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$5b investor’s plan to fix ‘cult’ of excessive executive pay

SYDNEY, NEW SOUTH WALES – JANUARY 06: Allan Gray CIO Simon Mawhinney poses for a photo on January 6, 2017 in Sydney, . Fundie (Photo by Brook Mitchell/Fairfax Media) Prime Minister Malcolm Turnbull during a division on the motion to suspend standing orders, at Parliament House in Canberra, on Wednesday 8 February 2017. fedpol Photo: Alex Ellinghausen
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The expression “heads I win – tails you lose” neatly sums up the pay experience of a large portion of corporate chief executives.

It’s more than just the quantum of their earnings – the broader community’s response to which has become fever-pitched outrage.

Calling out excessive pay is now the strategy de jour for the likes of politicians. But while Malcolm Turnbull’s reference to executive pay as a “cult” of excess is popular with the electorate, the fact remains that the system needs an overhaul.

But there is a more deeply enmeshed and complex reason that even underperforming executives are being rewarded with pay packets that can border on the obscene.

It’s all about the structure of how management is rewarded with performance-based financial incentives – short- and long-term incentives on top of what is often generous base pay.

Now one of ‘s most influential and outspoken investors, with more than $5 billion under management, Allan Gray, has not only called time on these remuneration practices but has devised an alternative structure.

And it is now pressuring the companies in which it invests to adopt it.

As Allan Gray’s managing director, Simon Mawhinney, sees it, bonuses should be rewarded for past performance. But this is not the case in many major n listed companies, which he says use complicated and opaque scorecards to determine both long and short-term incentives.

These are then paid to executives based on equally complex and often flawed vesting conditions, he believes.

While some more extreme examples of pay have been voted against by shareholders at annual meetings, there are plenty more that slip through because they are too difficult to understand.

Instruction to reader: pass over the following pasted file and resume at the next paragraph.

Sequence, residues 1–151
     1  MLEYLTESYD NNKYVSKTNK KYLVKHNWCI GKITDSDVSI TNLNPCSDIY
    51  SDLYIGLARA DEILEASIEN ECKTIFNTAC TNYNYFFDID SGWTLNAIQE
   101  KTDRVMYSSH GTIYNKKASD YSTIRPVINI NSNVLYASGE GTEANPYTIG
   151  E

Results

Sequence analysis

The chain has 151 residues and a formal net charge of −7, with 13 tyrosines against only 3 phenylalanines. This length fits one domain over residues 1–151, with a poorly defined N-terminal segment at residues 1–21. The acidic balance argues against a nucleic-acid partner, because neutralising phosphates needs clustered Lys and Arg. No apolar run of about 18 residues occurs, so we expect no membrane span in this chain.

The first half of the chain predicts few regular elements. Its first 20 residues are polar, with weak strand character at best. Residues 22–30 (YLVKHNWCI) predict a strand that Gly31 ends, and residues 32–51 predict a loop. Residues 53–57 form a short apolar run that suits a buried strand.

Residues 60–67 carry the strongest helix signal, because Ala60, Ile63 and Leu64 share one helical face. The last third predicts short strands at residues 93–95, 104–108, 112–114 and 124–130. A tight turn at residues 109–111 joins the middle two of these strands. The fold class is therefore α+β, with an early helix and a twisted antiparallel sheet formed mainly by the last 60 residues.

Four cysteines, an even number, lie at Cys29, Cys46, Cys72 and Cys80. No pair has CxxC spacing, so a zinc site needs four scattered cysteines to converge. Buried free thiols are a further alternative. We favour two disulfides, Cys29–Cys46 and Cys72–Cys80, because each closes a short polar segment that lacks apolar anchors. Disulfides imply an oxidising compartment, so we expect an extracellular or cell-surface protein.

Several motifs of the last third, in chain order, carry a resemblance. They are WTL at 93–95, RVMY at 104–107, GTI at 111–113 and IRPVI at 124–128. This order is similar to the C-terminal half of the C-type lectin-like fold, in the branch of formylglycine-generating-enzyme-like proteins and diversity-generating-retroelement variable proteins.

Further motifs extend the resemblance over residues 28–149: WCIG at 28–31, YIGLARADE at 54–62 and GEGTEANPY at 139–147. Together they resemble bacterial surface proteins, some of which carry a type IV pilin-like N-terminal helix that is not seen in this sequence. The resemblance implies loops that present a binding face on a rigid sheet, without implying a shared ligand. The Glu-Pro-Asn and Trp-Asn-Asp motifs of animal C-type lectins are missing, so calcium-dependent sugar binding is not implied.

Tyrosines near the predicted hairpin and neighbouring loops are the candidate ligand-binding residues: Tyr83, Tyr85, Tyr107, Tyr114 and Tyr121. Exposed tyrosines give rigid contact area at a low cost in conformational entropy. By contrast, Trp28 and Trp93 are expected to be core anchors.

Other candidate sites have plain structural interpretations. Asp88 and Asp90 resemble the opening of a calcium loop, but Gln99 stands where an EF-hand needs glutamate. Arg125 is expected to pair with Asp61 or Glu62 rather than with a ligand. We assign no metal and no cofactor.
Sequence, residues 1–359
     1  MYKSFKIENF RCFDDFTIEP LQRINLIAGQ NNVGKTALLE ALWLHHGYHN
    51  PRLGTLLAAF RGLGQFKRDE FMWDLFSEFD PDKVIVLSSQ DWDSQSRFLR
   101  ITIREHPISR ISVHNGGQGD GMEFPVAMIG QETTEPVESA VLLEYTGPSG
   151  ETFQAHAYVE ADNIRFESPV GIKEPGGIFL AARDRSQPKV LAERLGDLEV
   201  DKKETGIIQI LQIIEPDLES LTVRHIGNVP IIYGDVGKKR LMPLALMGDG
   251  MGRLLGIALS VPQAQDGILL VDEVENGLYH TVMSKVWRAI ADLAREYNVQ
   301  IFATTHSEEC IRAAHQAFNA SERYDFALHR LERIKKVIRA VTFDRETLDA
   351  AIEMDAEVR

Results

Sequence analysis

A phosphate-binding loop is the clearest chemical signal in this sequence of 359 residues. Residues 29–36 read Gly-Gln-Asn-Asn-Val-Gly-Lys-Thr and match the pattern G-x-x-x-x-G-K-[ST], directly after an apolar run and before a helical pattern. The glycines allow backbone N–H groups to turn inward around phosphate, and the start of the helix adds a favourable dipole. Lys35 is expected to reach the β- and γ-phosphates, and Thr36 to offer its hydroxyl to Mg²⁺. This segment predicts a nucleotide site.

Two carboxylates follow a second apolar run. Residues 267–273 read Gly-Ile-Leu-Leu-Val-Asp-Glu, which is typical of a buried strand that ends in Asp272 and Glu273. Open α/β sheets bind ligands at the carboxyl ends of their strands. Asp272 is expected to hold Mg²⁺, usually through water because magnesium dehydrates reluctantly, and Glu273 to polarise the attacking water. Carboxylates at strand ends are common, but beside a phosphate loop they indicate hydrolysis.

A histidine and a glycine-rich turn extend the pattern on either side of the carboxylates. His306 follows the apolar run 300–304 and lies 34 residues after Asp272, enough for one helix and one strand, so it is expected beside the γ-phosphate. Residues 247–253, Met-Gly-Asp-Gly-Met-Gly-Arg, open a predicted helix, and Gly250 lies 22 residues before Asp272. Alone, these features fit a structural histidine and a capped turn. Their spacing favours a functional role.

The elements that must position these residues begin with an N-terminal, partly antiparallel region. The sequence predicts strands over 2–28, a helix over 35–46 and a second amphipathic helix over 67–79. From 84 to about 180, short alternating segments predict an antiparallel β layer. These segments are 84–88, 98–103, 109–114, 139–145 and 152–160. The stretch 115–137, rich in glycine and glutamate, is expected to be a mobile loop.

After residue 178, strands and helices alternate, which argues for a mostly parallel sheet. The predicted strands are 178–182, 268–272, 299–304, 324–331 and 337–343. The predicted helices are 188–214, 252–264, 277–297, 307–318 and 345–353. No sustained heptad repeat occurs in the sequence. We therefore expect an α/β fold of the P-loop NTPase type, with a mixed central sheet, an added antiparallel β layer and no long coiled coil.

Mawhinney says he regularly hears feedback that management places little value on the long-term incentive portion of their remuneration due to difficulties understanding the structure of the rewards and the risks associated with its vesting.

“This is staggering given the cost of these schemes to shareholders. It is quite possible that high base salaries and short-term incentives – often with large cash components – are now used to compensate executives for the risk that their long-term incentives do not vest.

“This results in executive remuneration pay-off profiles that are asymmetrical with little downside.”

In other words, bad outcomes are well remunerated because even if long-term incentives are not paid, the base salaries and short-term incentives are still generous. And if the executive does perform well, he or she will get paid long-term incentives and end up with a huge reward.

So why are short-term incentives paid when outcomes are bad?

One reason is that, all too often, the decisions made by an executive can look good at the time. It is only years later that the strategy blows up – by which time the executive has more often than not left the building, taking their big pay packet with them.

Another reason is that the payment of bonuses doesn’t seem to need a particularly high bar.

A recent report from the n Council of Superannuation Investors (ACSI) noted that even though bonuses should be for exceptional performance, the vast majority of the 83 ASX 100 chief executives included in the study received a bonus last year. The figures also showed that when a CEO was granted a bonus, they were typically paid almost 70 per cent of the maximum amount.

Allan Gray’s model amalgamates all executive bonus incentives into a single bonus scheme – which it calls an executive incentive plan – which among other things eliminates short-term cash bonuses and is easy for shareholders to understand.

The bonuses are made in shares, which are held by the company but not given to the executive for between three and five years.

So if the business performs well over that period, the executive will ultimately be rewarded.

But if the business has not done well and the shares have fallen, the executive will receive less when he/she finally gets access to the stock. In this way, Mawhinney says, the executive is far more closely aligned with the shareholders.

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